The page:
to the security database can be transmitted to the KPDISP units
in two ways.
The first method is via modem and dial-up telephone line to
the3-MODCOM. The information is then routed to the CPU,
through the correct 3-SACs, and finally to the affected KPDISP
units.
The second method is by connecting the user’s PC directly to the
CPU using an RS-232 cable. The connection is made between
the PC’s COM1 port and any of the RS-232 terminals on the
CPU. As in the first method, after reaching the CPU additions
and changes are routed through the correct 3-SACs to the
affected KPDISPs.
Note: Fire and security functionality cannot be programmed into
a control panel from a remote location. You must perform all
panel programming on site. Changes to the security database
have no impact on the parameters or operations of listed fire
system equipment.
When the site includes an access control system, the Access
Control Database (ACDB) program is used in place of the KDC.
The ACDB includes the required KDC functionality.
Security applications
2.6 EST3 Installation and Service Manual
Other factors
Next, we’ll cover the additional factors listed on the drawing:
• Power supply
• Hardware configuration
• SDU programming
• ACDB/KDC operation
These factors are called out on each application diagram given in
this chapter.
Power supply
The KPDISP is designed to operate on 24 Vdc. For this reason,
we recommend that you include power from the panel with the
SAC bus cable. You can use the panel 3-PPS/M, 3-BPS/M, or
3-BBC/M power supplies.
Note that additional power supplies must be listed for the
application.
Hardware configuration
The KPDISP does not have any switch or jumper settings. All
configuration is done with the SDU program.
SDU programming
While the KDC program controls a small portion of the security
database, all other definition, configuration, and programming
for the security system happens in the SDU.
The SIGA-MD and SIGA-SEC2 are both treated as modules on
the Signature data circuit. You configure each security module
using the SDU.
The SDU controls the general configuration of the 3-SAC
modules, plus the configuration of all CRC or KPDISP devices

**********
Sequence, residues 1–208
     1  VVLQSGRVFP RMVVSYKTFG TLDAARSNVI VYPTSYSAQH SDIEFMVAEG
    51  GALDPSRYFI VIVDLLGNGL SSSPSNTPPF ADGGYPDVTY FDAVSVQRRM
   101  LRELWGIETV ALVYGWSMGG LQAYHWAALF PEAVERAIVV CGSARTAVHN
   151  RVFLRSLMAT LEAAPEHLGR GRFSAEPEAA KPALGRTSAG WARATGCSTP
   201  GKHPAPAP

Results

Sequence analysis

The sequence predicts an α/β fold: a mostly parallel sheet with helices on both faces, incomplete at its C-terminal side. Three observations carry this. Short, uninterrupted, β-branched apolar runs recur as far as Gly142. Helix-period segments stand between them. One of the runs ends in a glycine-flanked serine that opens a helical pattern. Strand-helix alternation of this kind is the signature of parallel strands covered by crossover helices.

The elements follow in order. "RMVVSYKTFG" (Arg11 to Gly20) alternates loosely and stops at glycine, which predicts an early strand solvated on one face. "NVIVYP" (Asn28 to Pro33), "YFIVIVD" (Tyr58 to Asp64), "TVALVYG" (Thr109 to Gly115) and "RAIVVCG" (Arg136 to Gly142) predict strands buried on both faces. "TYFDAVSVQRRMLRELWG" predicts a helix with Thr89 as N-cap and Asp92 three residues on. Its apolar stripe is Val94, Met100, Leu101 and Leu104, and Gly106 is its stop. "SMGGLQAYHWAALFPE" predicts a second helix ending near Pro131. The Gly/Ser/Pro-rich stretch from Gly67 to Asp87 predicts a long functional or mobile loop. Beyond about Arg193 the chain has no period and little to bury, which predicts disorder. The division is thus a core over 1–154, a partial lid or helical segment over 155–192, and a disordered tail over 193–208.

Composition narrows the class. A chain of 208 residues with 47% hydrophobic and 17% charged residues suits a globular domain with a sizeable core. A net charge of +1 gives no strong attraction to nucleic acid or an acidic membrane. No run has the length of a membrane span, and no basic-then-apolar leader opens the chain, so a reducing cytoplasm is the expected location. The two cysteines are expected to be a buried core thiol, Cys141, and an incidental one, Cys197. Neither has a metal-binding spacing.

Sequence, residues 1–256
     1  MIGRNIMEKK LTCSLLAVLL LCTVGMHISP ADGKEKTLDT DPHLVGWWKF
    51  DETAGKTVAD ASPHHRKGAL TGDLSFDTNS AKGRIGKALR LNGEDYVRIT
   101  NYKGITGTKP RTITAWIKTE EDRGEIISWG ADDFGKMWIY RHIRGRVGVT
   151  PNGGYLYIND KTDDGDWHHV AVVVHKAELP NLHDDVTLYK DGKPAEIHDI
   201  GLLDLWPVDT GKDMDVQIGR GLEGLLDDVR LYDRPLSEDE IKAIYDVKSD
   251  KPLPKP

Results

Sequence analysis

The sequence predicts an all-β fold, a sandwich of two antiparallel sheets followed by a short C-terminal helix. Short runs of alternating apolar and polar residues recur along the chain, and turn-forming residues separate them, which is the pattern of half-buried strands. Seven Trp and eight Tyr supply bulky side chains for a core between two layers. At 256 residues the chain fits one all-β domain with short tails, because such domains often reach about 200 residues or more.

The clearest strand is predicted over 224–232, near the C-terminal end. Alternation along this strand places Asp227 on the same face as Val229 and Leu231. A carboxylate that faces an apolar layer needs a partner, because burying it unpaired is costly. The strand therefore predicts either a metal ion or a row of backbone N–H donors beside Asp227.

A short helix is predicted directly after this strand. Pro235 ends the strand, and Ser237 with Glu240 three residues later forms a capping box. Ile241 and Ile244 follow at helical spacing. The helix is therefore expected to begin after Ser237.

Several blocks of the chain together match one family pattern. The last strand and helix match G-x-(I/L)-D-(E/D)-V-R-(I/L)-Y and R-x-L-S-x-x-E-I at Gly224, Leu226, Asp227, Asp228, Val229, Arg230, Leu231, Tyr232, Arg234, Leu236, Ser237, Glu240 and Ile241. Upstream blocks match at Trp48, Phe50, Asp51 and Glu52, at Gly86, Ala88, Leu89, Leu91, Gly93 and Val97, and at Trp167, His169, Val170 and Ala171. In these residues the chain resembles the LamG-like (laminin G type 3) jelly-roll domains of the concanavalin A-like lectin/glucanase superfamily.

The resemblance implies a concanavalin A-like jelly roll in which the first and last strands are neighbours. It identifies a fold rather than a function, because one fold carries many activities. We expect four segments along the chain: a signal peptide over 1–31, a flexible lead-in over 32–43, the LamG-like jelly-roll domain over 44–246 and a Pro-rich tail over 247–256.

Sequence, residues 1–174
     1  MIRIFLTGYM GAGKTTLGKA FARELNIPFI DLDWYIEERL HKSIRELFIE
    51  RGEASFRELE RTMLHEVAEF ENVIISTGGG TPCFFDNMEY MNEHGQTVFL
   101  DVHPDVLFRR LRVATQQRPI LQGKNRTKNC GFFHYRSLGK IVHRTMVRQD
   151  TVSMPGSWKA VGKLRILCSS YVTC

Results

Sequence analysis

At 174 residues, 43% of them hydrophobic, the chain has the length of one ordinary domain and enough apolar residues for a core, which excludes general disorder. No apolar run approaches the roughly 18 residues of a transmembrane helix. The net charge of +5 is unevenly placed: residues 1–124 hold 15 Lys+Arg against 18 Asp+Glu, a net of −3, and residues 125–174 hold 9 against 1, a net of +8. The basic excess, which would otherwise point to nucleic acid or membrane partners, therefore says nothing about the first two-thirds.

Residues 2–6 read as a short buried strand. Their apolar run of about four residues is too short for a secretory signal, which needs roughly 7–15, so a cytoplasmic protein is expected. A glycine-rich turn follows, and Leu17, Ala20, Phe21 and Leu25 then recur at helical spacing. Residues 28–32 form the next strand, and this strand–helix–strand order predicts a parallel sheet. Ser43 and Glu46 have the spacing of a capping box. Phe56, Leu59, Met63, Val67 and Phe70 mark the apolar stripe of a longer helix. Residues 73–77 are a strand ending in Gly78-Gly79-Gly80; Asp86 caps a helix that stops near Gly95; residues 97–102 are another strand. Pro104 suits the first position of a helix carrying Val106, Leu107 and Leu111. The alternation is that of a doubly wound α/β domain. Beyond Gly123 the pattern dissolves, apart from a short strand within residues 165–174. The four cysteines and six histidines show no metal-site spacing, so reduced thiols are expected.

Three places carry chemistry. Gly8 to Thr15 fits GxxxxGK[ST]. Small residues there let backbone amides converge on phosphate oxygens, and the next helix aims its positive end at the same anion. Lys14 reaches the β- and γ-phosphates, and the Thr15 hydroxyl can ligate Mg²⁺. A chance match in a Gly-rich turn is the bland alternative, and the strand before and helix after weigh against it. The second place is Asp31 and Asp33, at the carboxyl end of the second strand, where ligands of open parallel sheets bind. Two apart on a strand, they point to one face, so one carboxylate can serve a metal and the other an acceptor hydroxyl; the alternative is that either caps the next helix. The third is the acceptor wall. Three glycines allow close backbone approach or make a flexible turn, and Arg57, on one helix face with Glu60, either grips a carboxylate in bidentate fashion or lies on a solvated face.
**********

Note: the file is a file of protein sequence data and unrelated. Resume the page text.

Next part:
on the SAC busses.
KPDISP modules can be configured to execute a specific,
predefined command list when a specific security or access
control event occurs. You write the command lists in the SDU,
and assign them to KPDISP events when you configure the
KPDISP module.
Partitions are fundamental groups used with security systems. A
partition is a group of devices intended to provide security for a
given area of the site. Partitions can be armed and disarmed
separately.
All partitions are created and defined in the SDU, and each CRC,
CRC input circuit, KPDISP, SIGA-SEC2 circuit, and SIGA-MD
circuit can be assigned to a partition. Partitions also play a role in
KPDISP message routing.
Security applications
EST3 Installation and Service Manual 2.7
For the 3-MODCOM module, the SDU determines the dialer and
modem parameters, defines the receivers and accounts, and
assigns each account to the correct receiver.
Finally, the SDU includes the RPM tool, described earlier in this
topic.
ACDB/KDC operation
The Keypad Display Configuration (KDC) program runs on the
end-user’s PC. It lets him create and maintain a database of
information about KPDISPs, users, and access levels. This is part
of the overall security database.
During setup of the program, the user imports the resource
profile created by the RPM during system programming.
Once installed, the user can create and revise his KDC database.
Changes and additions are transmitted via modem to the
3-MODCOM or via direct RS-232 connection to the CPU. The
data is then routed to the correct 3-SAC and KPDISP units.
Security applications
The remaining topics in this chapter cover specific security
applications. Each topic gives you an overview of the
application, and shows you the components required and their
interconnection.
Each topic has a block diagram and general description of the